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1v] CURVED TREE PRINCIPALS 47

with pynnes of yron and of wodde that it shall laste as longe as
the tymber selfe.’ The pins or pegs in the buildings lmve lasted
‘ as longe as the tymber selfe,’ and are as firm as on the day when
they were put in. When the building on crucks at Little Atter-
clifi'e, near Sheffield (Fig. 11), was to be pulled down, stout iron
chains were fastened to the opposite feet of the pairs of crucks:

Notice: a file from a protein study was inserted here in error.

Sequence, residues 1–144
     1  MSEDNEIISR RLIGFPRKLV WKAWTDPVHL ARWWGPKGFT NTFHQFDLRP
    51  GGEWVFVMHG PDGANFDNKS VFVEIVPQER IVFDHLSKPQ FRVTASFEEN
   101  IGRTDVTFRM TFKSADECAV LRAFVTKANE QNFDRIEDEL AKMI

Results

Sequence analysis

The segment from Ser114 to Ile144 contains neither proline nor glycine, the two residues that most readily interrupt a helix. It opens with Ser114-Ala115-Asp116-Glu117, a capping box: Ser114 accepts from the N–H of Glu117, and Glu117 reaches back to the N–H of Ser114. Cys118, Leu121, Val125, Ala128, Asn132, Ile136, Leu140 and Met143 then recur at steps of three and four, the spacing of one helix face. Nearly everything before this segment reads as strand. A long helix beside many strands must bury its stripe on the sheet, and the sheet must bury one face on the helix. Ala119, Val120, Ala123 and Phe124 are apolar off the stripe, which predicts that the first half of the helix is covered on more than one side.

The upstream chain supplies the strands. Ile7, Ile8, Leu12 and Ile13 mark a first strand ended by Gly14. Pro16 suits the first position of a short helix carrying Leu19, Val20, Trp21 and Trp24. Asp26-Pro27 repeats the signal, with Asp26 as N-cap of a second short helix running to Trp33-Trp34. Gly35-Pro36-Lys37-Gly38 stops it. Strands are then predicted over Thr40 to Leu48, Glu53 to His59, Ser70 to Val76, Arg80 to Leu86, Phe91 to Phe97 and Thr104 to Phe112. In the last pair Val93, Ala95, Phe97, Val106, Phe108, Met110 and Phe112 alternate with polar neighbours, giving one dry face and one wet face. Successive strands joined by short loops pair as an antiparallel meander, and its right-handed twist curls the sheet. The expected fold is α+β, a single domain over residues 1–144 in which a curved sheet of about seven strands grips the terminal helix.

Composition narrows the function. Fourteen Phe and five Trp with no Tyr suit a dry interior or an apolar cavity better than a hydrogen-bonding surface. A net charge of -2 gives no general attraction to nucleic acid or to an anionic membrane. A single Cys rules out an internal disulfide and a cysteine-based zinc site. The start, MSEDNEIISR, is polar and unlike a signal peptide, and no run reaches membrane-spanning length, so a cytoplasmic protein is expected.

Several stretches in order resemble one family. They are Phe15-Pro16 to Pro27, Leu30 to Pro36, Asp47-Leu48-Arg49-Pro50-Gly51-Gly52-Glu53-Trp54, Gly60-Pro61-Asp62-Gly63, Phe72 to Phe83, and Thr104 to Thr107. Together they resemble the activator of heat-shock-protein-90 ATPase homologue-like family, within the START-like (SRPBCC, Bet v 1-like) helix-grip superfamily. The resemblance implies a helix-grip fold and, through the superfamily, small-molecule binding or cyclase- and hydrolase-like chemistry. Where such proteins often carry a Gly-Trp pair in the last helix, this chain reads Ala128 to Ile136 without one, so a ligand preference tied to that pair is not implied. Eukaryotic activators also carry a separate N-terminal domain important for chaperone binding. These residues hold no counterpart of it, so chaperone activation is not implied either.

Fig. 21. Barn at Cowley Manor, South Yorkshire, in process
of demolition. The building is locally said to have been
built, by a lady in the fourteenth century, to serve as a
chapel.

then horses were attached to the chains, and pulled in opposite
directions but the chains broke, before the wooden pins.

There is considerable variety in the shapes of the crucks in the
Sheffield district, and it is unusual to find all the crucks exactly alike
in the same building. As the country was heavily wooded, it is
evident that an unfeeling regularity was not sought for by the

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